Next month, AOL CEO Tim Armstrong will for the second time this year, report AOL’s earnings to the public.
We don’t know the numbers Tim and his CFO, Artie Minson, will report.
But put it this way: the optimistic outlook is that AOL won’t completely blow it like it did after the first quarter, when the newly public company undercut Wall Street’s already very low expectations. The pessimists, citing a disorganized sales force, worry that AOL will disappoint again.
A week before this call, however, we can make one prediction about it you can bank on: Tim will come off positive and upbeat about AOL’s chances going forward during the call.
Since taking over the top spot at the once-powerful, now moribund Internet company in spring 2009, such a positive attitude has been Tim’s most powerful tool.
But what’s Tim like behind closed doors? What are some of his thoughts and worries about the company?
Here’s what we’ve learned from sources who’ve had recent conversations with AOL’s top executive:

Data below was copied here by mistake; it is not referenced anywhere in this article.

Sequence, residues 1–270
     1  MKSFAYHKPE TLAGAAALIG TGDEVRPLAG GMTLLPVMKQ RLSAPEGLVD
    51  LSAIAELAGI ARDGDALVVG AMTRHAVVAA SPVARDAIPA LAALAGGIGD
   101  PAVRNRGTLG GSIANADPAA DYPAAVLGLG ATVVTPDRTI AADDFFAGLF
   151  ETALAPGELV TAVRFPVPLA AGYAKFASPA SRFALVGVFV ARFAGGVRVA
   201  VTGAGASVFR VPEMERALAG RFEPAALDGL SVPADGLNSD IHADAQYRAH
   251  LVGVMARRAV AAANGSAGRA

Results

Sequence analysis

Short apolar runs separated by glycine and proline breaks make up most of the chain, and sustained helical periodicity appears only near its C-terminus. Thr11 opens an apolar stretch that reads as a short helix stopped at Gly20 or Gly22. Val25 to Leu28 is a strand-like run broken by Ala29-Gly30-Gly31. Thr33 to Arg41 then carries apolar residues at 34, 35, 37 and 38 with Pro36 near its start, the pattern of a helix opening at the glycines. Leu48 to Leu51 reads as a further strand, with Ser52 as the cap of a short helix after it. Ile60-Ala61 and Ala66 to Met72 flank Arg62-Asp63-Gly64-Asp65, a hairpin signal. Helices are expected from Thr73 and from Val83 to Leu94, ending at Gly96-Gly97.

- One source tells us Tim is disheartened, and that he secretly wishes he had gotten the Yahoo job Carol Bartz got shortly before he ended up at AOL.
- This source says Tim views Yahoo as a company that needs a turnaround as badly as AOL, but does not have the albatross hanging around AOL’s neck: a once huge subscription business that established a market cap for AOL that the media business Tim wants to build cannot ever hope to recreate.
- Another source says Tim’s biggest disappointment has been the inability to sell AOL’s non-media assets for enough cash to turn around and buy world-famous media brands from suffering old media conglomerates like Condé Nast, Hearst, or even AOL’s old corporate sibling, Time Inc.
- Tim wanted one of these beloved old media brands because he believes the Internet is like cable TV, where people will go to 250 channels – and that’s it.
- Tim’s biggest fear: That he manages to turn AOL into an awesome media business, but because he doesn’t recoup the access revenues, the turnaround gets called a failure.
- Tim’s next big challenge is that so far he’s brought in people he could trust and the jury is out on them. The thought: The people you can trust may or may not also be the most talented people you could find to do the job. Is Tim’s chief-of-staff from Google, Maureen Sullivan, really the best marketing person he can find? Is Jon Brod, the guy Tim started Patch.com with, really the best person to run MapQuest?